Rachel deals with the issue of racial identity as a subtext to the circumstances surrounding what leads to her mother and siblings' deaths. The fragmented pieces she recalls are supplemented by journal entries of her mother, Nella, her mother's former boss, Lauronne, and the boy who witnessed Rachel's tragedy, Brick. The near obsession with her need to identify as black seems extraneous as Rachel does not struggle so much with this as do those around her. Meanwhile, her grandmother refuses to acknowledge her Danish mother thereby ignoring that she's of mixed race. I became enthralled with Rachel as she grew into a teenager who tried to remain true to her own identity simply as her mother's daughter and the naivete that came along with adoring a mother whose actions were disturbingly tragic.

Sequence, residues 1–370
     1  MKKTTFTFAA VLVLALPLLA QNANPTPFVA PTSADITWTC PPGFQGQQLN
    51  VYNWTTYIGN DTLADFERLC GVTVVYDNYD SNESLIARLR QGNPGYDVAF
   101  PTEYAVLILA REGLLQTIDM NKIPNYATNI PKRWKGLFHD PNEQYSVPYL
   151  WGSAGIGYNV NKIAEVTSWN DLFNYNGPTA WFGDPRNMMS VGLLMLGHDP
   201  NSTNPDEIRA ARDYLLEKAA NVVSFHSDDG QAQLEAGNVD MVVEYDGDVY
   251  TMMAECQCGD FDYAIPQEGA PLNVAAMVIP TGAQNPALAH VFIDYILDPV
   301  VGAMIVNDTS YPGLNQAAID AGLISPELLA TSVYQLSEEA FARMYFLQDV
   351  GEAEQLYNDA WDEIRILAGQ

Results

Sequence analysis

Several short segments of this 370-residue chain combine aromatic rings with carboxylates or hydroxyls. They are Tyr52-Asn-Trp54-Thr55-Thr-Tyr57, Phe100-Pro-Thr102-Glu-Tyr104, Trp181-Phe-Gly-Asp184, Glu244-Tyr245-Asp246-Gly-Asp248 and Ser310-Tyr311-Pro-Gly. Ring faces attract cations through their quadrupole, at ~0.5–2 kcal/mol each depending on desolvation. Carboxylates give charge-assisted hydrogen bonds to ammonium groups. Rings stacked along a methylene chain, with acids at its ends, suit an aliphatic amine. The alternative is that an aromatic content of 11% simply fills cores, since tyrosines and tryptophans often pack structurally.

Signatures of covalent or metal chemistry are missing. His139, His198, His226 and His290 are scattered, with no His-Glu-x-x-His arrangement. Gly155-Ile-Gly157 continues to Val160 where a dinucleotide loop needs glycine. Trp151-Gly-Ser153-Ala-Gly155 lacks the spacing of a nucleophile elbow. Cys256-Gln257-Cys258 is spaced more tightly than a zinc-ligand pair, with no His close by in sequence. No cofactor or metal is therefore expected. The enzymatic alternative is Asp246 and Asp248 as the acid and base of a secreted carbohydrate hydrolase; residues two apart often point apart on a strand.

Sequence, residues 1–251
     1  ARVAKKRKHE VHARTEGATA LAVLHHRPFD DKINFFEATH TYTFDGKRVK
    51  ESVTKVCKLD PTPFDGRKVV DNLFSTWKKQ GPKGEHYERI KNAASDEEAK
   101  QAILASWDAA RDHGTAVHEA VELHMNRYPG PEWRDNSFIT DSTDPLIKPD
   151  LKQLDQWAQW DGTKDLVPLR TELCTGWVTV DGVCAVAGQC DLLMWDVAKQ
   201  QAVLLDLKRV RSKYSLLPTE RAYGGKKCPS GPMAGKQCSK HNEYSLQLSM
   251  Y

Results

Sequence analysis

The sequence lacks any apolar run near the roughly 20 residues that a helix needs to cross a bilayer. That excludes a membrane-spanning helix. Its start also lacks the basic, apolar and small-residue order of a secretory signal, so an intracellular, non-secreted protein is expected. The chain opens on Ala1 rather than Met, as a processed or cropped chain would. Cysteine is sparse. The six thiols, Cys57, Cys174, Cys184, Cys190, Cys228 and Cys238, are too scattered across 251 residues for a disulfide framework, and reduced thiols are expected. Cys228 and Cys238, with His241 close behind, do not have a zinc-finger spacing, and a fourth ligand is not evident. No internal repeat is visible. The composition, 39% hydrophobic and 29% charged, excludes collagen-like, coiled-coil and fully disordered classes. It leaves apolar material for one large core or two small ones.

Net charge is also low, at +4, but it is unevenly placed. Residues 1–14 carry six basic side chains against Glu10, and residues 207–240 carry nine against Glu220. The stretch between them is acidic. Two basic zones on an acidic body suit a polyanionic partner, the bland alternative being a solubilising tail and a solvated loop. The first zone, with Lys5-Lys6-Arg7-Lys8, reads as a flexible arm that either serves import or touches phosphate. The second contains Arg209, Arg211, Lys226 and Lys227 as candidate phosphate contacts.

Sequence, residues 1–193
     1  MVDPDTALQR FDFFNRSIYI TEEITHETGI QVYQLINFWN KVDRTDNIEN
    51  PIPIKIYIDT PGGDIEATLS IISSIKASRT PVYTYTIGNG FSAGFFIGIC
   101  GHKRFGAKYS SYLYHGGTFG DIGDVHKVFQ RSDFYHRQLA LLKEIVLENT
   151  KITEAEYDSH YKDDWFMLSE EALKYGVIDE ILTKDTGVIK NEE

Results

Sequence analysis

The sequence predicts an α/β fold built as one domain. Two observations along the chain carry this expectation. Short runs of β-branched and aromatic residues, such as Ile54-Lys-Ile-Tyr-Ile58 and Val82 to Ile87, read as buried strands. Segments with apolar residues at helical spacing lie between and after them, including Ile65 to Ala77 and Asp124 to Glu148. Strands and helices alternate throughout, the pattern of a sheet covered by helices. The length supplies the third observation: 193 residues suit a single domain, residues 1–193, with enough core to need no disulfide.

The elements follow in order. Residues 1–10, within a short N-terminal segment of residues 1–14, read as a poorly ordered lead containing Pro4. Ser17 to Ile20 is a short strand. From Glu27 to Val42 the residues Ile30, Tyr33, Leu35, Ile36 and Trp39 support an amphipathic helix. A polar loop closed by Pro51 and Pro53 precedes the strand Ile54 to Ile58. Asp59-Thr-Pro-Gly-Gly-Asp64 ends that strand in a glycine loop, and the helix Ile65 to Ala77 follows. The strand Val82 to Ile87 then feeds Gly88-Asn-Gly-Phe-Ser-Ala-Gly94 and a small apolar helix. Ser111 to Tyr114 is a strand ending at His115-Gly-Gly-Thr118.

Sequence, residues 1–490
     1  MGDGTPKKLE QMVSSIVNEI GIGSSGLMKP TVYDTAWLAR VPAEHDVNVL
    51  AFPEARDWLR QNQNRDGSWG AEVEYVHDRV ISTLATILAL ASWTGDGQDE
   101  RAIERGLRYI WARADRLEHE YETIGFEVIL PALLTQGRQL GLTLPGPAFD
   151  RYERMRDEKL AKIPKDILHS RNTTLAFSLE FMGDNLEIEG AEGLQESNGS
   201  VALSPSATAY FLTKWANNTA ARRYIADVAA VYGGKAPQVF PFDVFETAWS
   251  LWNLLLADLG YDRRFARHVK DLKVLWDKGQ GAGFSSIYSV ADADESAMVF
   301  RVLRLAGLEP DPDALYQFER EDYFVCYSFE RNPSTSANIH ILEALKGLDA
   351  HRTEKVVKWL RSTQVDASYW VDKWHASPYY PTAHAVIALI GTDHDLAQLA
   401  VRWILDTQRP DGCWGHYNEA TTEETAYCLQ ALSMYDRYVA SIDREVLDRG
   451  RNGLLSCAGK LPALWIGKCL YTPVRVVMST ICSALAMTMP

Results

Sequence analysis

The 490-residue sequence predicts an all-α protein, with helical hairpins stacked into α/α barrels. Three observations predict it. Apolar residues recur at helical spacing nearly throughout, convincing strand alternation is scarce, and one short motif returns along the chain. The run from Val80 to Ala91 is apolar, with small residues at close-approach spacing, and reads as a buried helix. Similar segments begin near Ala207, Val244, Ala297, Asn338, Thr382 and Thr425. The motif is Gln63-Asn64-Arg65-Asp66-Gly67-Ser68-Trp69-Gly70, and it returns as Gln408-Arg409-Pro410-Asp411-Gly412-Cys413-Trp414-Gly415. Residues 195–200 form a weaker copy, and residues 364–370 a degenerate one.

Durrow's use of language and plot is what really makes this novel fresh and engaging. Characterization could have been a bit more developed but what we do get are real and unpretentious people that many readers will recognize. In spite of a hazy conclusion, I still adore this book and the writer. Heidi Durrow's The Girl Who Fell From the Sky is not a perfect piece of literature but, it is courageous and poetic.